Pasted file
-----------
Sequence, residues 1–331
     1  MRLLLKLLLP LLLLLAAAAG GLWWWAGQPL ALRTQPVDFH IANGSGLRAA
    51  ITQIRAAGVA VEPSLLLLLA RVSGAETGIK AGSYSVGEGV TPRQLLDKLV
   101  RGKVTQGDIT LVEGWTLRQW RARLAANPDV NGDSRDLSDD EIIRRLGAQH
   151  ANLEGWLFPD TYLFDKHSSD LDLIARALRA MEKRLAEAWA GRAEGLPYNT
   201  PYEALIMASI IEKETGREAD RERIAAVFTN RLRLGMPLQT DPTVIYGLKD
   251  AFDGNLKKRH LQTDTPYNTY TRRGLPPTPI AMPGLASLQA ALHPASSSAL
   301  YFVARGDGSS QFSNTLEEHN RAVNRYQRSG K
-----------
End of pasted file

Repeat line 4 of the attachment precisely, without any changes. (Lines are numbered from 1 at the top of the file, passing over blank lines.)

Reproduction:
   101  RGKVTQGDIT LVEGWTLRQW RARLAANPDV NGDSRDLSDD EIIRRLGAQH